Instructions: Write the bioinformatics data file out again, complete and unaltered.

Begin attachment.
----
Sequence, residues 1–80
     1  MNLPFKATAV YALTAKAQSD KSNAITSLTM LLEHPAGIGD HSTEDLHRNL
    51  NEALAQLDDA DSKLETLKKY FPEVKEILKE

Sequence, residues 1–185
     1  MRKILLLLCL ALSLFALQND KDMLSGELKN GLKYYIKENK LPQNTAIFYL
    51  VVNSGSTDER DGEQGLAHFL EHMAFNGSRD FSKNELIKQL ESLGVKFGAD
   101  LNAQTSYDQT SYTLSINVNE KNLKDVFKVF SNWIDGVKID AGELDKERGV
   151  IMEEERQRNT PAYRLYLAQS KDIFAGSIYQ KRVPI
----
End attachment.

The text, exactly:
Sequence, residues 1–80
     1  MNLPFKATAV YALTAKAQSD KSNAITSLTM LLEHPAGIGD HSTEDLHRNL
    51  NEALAQLDDA DSKLETLKKY FPEVKEILKE

Sequence, residues 1–185
     1  MRKILLLLCL ALSLFALQND KDMLSGELKN GLKYYIKENK LPQNTAIFYL
    51  VVNSGSTDER DGEQGLAHFL EHMAFNGSRD FSKNELIKQL ESLGVKFGAD
   101  LNAQTSYDQT SYTLSINVNE KNLKDVFKVF SNWIDGVKID AGELDKERGV
   151  IMEEERQRNT PAYRLYLAQS KDIFAGSIYQ KRVPI